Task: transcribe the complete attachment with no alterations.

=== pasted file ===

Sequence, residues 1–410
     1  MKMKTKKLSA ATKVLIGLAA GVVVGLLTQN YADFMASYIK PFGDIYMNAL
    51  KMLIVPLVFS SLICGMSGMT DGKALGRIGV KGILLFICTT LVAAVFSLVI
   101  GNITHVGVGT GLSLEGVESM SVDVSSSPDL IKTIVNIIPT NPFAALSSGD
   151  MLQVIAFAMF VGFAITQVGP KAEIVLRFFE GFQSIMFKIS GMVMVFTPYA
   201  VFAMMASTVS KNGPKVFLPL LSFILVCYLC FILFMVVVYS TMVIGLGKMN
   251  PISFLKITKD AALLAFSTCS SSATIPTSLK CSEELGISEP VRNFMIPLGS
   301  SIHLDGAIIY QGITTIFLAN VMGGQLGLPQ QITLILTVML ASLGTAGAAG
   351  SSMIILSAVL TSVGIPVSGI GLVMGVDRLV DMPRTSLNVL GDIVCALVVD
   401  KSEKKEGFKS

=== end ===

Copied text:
Sequence, residues 1–410
     1  MKMKTKKLSA ATKVLIGLAA GVVVGLLTQN YADFMASYIK PFGDIYMNAL
    51  KMLIVPLVFS SLICGMSGMT DGKALGRIGV KGILLFICTT LVAAVFSLVI
   101  GNITHVGVGT GLSLEGVESM SVDVSSSPDL IKTIVNIIPT NPFAALSSGD
   151  MLQVIAFAMF VGFAITQVGP KAEIVLRFFE GFQSIMFKIS GMVMVFTPYA
   201  VFAMMASTVS KNGPKVFLPL LSFILVCYLC FILFMVVVYS TMVIGLGKMN
   251  PISFLKITKD AALLAFSTCS SSATIPTSLK CSEELGISEP VRNFMIPLGS
   301  SIHLDGAIIY QGITTIFLAN VMGGQLGLPQ QITLILTVML ASLGTAGAAG
   351  SSMIILSAVL TSVGIPVSGI GLVMGVDRLV DMPRTSLNVL GDIVCALVVD
   401  KSEKKEGFKS